Gardner, James, [Reminiscences], in "Utah Heroes Who Pulled Their All Across the Plains," Deseret Evening News, 1 Sept. 1906, 20.
"The British Isles were all aglow at that time with the thought that the P. E. fund had abandoned the old way of carrying the saints to Utah, with the slow ox teams, and was providing a way for them to come with "Pullman" cars. It caused considerable excitement at that time.
"With about 800 emigrants I sailed on the good ship Enoch Train. After rolling in the billows of the mighty deep for about 40 days we landed in the port of Boston about the 1st of May.
"Making our way as speedily as possible, we arrived at Iowa City, then the Mormon outfitting camp. There for the first time we saw some of the carts that were to carry our baggage and little children a distance of 1,300 miles.
"As there were only a few of the carts ready for use, we had to wait a month for the number required for the 800 emigrants.
The carts were of very frail construction. Instead of having rubber tires, we bound the wheels with rawhide. All being ready we broke camp at Iowa the 9th of June. The season being a wet one, and the many rivers we had to cross, stretched the raw hide tires so we had to substitute strong hoop iron to tire our wheels.
"After about three weeks' march we crossed the Missouri river and pitched our tents at the old Winter Quarters camp ground. Our 300 miles travel had proven that our company was too large. It was then divided in two companies. Capt. [Edmund] Ellsworth taking the English part and D. [Daniel] D. McArthur taking the Scotch and a few from other lands.
"After being fully organized with a captain over each 10, our baggage reduced to 17 pounds per head, we were ready to cross the wide plains. Capt. Ellsworth desired the honor of leading the first handcart company to Salt Lake, which was granted him. His company pulled out from us about the middle of July. McArthur's company remained in camp three days longer when we started out.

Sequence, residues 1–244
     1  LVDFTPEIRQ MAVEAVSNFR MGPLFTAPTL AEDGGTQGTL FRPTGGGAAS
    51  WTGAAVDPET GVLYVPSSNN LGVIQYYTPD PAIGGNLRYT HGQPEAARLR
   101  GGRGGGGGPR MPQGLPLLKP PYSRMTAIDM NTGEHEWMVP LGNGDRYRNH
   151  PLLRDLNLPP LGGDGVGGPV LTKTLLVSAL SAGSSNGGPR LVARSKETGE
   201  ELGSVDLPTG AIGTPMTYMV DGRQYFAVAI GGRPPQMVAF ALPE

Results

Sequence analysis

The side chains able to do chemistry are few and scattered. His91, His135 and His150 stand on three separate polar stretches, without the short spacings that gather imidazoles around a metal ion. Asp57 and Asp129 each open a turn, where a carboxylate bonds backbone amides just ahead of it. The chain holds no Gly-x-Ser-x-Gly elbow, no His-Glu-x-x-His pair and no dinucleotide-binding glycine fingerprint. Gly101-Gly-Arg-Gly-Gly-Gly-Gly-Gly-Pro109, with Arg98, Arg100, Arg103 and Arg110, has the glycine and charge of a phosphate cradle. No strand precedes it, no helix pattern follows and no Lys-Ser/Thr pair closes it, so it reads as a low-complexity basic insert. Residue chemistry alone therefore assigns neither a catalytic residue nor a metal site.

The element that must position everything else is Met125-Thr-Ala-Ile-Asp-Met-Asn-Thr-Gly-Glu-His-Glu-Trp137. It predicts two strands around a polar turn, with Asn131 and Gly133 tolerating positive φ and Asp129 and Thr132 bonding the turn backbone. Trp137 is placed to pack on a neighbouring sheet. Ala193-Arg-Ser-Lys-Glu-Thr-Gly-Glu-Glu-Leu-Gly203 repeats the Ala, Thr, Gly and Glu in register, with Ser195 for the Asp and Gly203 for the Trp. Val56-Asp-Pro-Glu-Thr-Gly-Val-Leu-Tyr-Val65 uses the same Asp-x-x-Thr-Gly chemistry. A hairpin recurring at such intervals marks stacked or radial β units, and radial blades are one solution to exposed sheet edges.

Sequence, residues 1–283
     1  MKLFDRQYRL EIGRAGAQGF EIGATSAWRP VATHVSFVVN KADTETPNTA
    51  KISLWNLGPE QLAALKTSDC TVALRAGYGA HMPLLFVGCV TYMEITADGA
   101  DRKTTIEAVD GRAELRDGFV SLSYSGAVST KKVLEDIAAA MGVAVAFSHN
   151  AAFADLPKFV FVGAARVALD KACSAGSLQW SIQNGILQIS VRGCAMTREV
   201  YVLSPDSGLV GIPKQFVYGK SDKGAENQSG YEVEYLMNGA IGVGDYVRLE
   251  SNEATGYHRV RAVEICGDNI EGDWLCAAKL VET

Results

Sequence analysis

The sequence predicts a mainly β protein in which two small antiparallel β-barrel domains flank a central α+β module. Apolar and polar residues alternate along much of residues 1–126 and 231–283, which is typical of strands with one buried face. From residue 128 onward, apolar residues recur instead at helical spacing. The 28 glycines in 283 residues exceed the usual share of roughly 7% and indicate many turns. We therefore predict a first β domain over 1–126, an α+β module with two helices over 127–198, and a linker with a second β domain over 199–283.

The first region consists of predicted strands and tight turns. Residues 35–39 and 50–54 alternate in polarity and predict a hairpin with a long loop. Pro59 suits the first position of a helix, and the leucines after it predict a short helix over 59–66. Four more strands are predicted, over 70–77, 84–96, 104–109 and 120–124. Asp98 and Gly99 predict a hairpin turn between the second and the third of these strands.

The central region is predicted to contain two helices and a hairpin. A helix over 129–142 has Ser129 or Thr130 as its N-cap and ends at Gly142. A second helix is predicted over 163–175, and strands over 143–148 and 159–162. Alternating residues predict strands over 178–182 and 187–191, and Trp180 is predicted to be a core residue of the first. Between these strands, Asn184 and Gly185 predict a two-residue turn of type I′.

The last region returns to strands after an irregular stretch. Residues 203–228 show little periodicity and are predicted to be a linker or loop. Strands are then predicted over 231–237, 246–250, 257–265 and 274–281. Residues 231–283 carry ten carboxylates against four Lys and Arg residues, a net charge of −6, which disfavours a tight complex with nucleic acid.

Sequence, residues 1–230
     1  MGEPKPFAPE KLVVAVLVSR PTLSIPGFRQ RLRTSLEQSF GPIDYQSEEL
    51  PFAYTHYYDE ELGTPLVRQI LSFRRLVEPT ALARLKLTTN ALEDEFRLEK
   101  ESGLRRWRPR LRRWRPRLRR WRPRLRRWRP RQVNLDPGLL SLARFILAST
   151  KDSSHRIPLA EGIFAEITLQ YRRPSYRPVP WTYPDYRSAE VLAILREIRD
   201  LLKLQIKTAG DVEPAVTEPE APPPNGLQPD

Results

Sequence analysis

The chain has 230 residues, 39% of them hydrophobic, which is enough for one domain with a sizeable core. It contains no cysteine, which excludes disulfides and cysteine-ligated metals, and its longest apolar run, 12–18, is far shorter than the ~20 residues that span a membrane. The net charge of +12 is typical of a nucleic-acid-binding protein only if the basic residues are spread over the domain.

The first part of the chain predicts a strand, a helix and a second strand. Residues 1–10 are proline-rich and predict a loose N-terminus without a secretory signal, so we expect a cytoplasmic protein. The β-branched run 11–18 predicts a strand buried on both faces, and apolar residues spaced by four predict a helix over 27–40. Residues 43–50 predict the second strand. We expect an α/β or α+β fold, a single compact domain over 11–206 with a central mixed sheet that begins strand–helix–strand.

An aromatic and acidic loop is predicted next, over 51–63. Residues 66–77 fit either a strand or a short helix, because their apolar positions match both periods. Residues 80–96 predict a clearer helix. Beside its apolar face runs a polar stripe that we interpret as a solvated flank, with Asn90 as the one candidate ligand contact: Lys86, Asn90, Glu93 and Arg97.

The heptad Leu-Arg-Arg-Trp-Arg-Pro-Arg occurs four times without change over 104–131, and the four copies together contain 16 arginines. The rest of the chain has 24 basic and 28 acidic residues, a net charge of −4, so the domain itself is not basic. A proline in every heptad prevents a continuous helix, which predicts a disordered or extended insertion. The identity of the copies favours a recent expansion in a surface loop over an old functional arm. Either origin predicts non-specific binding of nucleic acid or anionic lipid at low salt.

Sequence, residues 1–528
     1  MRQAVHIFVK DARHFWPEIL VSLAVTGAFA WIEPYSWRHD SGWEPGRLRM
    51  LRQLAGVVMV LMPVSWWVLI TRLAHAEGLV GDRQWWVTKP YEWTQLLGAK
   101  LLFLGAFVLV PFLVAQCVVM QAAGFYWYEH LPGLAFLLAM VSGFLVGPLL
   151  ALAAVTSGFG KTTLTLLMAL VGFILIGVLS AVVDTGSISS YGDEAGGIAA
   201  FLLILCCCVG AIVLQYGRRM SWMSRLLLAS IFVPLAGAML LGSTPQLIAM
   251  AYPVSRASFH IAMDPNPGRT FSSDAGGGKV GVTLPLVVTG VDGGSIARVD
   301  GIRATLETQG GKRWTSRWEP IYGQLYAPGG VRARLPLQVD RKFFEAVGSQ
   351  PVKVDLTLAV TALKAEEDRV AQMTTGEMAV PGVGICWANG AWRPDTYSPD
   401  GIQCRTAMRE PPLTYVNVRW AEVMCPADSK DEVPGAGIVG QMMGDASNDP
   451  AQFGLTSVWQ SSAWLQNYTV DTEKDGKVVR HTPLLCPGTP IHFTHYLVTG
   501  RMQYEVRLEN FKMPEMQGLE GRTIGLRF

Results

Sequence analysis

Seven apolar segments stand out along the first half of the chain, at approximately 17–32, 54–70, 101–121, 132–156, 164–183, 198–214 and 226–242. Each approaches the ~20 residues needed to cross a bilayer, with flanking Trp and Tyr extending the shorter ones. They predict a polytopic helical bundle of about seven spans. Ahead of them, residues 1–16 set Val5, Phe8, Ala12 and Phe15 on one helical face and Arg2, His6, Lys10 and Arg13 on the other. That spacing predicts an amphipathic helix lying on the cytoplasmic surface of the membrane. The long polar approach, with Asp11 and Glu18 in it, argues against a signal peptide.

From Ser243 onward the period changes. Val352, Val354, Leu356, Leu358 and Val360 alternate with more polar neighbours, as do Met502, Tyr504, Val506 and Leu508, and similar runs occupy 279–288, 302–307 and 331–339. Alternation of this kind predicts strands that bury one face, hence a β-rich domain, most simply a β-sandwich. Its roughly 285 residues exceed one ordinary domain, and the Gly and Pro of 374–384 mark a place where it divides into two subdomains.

"There were about 400 men, women and children, 90 handcarts and two ox teams which carried our flour and tents.
"Capt. Dan. As we called him, purchased a little yellow mule, which was made to do good service in carrying the old ladies across the rivers. Our day's travel varied from 15 to 20 miles per day. One day we covered 30 miles in order to camp with the pioneer company as it was called. We rested the next day to let our friends get out of our way again. This was repeated three times.
"On the 26th of September, McArthur's company camped near the summit of the little mountain. Capt. Ellsworth's company was camped two miles and a half near Salt Lake. Quite a number of teams and friends camped with us there. The next morning most of the women and children were taken by friends. The male portion were left to pull the carts. Before the mouth of Emigration canyon was reached. McArthur's company had closed up with the pioneers. When we entered the bench out of the canyon all eyes were set on Salt Lake City.